The Life of a Santa Fe Prairie Dog

The Life of a Santa Fe Prairie Dog

​Shutdown got you down? Imagine hibernating!

As days get colder and shorter, wildlife prepares for winter. Bears and many rodents do this by eating lots of food before going into hibernation. They need to store extra fat in their bodies to help keep them warm – almost like a winter jacket! Some animals, like mice, double their body weight before entering hibernation. Hibernating animals lower their body temperature, heart rate and breathing rate so they can save their energy to survive through the winter.  

In my neighborhood, I enjoy watching communities of prairie dogs — a head popping up every now and then as they dart around, collecting seeds for their young and cleaning out their burrows. 

Prairie dogs are a type of rodent that grow to be about 15 inches tall. They are experts at living underground. They build massive networks of rooms and tunnels, creating underground towns where hundreds of dogs live together as a colony. Within the colony, prairie dogs live in smaller territories with their family group called coteries. They are mostly herbivores, meaning they eat plants; however, some prairie dogs will eat insects too. If you have ever walked past a prairie dog colony, you may have heard their high-pitched call. This “bark” gave them their name and often acts as a warning call of danger. They have many predators, including bobcats, coyotes and hawks, and they use unique warning calls for each. Other animals, like burrowing owls who often live in nearby burrows, pay attention to these warning calls, too. Prairie dogs also use other forms of communication, mostly through touch – nuzzling noses, kissing and cuddling!  

Many people think of prairie dogs as pests, but they are one of the most important animals we have in Santa Fe. They are considered a keystone species, which means that many other animals rely on them to survive. Through digging, dragging pieces of plants in their burrows and going to the bathroom underground, they fertilize the soil. This means that more plants can grow, creating homes for insects, birds and other wildlife. When prairie dogs move, their old burrows provide shelter for many other animals, including rattlesnakes, jackrabbits and burrowing owls. With deep networks of tunnels, water can seep deep into the ground, preventing erosion and water loss in the hot, sandy desert.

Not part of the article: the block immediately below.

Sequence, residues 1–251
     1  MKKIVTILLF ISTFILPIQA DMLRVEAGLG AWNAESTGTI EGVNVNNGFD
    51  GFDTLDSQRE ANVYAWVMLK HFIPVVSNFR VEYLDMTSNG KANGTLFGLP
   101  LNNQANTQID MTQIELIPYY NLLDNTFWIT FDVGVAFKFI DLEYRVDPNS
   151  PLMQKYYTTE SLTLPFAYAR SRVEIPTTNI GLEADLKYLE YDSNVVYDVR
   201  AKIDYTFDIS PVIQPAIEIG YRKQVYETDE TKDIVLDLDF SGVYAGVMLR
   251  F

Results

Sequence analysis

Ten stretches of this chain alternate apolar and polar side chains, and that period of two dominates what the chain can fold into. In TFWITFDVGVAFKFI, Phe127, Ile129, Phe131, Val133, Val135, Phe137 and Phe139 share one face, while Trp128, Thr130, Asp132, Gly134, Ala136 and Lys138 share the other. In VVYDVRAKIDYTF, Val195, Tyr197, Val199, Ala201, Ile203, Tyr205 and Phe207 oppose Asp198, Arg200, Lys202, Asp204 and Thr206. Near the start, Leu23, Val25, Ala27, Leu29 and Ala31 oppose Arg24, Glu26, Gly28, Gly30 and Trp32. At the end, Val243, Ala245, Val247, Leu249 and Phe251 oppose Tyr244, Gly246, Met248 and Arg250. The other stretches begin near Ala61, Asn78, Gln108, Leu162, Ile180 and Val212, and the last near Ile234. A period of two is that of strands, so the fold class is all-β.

When prairie dogs know that winter is coming, they eat as much as they can to gain an extra layer of fat on their bodies. On the coldest days, prairie dogs retreat into their burrows to slumber. Some species of prairie dogs hibernate through the winter, while others only spend days at a time sleeping. They spend most of the winter months down in their burrows, without food or water, curled up in one of their cozy rooms. 

The shorter periods of sleep are called torpor. Prairie dogs in torpor lower their body temperature, heart rate and breathing rate just as they do in hibernation, but instead of spending all winter like this, they become active for a few hours every week or so. On the warmest of days, some prairie dogs will leave their burrows to feed. On a warm day this winter, see if you can spot one out of their burrow looking for a snack.

Since prairie dogs prefer living on flat, open grassland, they are often in competition with humans. We use grasslands for farming, raising cattle and building cities. Prairie dogs used to live across North America with their population reaching hundreds of millions. With these human disturbances, prairie dogs have lost most of their habitat and their population size has reduced enormously. While some colonies have survived the encroachment of cities, many have collapsed under the stress of these disturbances. If they continue to disappear, grassland ecosystems will be out of balance. 

Through telling people about the importance of these small mammals, you can support the conservation of their habitats, protecting their colonies and all of the other wildlife they support. 

In Santa Fe, there are several colonies of prairie dogs. On a warm day this winter, see if you can spot them! Take a walk around Frenchy’s Field and listen for their loud calls. Remember that they are wild animals, so you should not approach them or disturb them in their homes. Instead, find a spot nearby to sit and watch. If you are lucky, maybe you will get to see them exchanging nuzzles and kisses.


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